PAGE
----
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Mobilizing New YorkAIDS, Antipoverty, and Feminist Activism$
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Tamar W. Carroll

Print publication date: 2015

Print ISBN-13: 9781469619880

Published to North Carolina Scholarship Online: January 2016

DOI: 10.5149/northcarolina/9781469619880.001.0001

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A Grand Cooker of a Scene

A Grand Cooker of a Scene

MFY’s Outgrowths

(p.49) Chapter Two A Grand Cooker of a Scene
Mobilizing New York

Tamar W. Carroll

University of North Carolina Press

This chapter demonstrates how MFY helped generate and influence the development of the legal services, welfare rights, and Black Arts movements in the US. Foremost was the way the research staff, Frances Fox Piven and Richard Cloward, encouraged a range of grassroots activity, including the proactive canvassing of individuals and families eligible for benefits. In conjunction to the contribution of the two, Lyndon Johnson's administration took many of MFY's innovations and included them in the 1964 Economic Opportunity Act, particularly the employment of paraprofessionals—neighborhood residents who did not have formal education but who were valued for their experiential knowledge—as well as the concept of maximum feasible participation: the idea that poor people themselves should be involved in decision making in antipoverty programs.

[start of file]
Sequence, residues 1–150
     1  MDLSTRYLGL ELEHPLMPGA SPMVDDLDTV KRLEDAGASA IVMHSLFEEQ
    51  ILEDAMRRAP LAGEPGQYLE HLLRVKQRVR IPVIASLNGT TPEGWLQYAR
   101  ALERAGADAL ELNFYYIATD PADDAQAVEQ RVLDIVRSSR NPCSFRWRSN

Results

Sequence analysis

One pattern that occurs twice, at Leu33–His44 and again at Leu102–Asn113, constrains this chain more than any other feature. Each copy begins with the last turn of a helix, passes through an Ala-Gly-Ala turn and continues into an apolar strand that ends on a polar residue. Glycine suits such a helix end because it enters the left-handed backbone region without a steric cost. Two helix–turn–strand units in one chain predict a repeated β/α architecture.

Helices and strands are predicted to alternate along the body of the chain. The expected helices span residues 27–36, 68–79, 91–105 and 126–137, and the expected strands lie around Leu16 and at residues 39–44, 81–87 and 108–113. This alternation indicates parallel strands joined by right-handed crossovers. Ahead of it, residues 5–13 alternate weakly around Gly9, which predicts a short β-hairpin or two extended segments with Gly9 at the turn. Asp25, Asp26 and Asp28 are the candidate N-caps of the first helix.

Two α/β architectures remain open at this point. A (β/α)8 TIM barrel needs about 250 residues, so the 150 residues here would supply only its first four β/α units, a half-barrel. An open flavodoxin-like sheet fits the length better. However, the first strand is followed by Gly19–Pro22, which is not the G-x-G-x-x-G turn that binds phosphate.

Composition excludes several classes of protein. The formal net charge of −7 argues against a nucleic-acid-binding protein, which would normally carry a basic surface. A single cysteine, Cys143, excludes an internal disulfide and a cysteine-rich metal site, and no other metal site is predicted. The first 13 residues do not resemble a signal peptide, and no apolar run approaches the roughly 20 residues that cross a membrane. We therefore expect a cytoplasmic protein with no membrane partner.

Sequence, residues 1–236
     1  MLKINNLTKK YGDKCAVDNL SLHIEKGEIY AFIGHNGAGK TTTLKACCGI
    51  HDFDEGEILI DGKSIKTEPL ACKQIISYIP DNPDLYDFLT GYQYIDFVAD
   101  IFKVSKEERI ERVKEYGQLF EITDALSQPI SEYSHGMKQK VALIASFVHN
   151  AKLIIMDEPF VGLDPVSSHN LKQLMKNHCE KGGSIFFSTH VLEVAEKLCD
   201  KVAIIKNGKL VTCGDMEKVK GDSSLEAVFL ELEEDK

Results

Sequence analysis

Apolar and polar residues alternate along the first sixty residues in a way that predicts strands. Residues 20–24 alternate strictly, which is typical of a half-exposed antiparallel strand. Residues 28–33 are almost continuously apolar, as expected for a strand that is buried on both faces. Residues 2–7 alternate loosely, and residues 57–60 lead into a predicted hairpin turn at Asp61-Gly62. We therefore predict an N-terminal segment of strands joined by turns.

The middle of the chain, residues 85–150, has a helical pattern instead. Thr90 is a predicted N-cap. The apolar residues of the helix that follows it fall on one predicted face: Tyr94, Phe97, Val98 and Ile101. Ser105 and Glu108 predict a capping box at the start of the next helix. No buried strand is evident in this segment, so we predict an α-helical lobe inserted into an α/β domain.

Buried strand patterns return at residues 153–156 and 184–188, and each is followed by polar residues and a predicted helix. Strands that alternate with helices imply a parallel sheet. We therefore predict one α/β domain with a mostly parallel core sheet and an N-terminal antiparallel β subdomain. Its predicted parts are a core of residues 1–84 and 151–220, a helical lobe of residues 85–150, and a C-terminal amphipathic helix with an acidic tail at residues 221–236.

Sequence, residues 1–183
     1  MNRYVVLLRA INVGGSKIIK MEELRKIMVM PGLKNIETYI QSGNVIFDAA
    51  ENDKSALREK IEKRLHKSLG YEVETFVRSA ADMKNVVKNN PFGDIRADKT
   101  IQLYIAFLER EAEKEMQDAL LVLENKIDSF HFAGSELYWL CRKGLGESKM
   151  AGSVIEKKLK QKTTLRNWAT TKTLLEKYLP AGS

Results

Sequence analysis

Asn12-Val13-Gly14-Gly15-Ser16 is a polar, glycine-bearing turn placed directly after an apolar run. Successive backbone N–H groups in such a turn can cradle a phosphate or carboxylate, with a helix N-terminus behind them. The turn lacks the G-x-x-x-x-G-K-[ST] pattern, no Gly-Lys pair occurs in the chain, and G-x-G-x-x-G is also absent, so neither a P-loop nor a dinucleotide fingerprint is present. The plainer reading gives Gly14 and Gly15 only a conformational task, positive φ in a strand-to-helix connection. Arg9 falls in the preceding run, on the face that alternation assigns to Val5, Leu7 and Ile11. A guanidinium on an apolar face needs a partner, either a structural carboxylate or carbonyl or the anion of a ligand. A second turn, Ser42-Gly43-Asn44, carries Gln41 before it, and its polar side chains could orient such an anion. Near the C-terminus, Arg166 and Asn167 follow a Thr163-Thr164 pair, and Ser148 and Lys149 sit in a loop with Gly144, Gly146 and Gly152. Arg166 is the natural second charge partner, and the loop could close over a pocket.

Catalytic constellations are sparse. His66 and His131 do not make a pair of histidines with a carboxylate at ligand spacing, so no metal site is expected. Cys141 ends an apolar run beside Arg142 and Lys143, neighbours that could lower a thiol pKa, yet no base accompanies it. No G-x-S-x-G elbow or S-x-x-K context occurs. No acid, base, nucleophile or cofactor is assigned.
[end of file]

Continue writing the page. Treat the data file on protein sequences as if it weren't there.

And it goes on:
Keywords:   Mobilization for Youth, Black Arts movements, Frances Fox Piven, Richard Cloward, Lyndon Johnson, 1964 Economic Opportunity Act, paraprofessionals, maximum feasible participation

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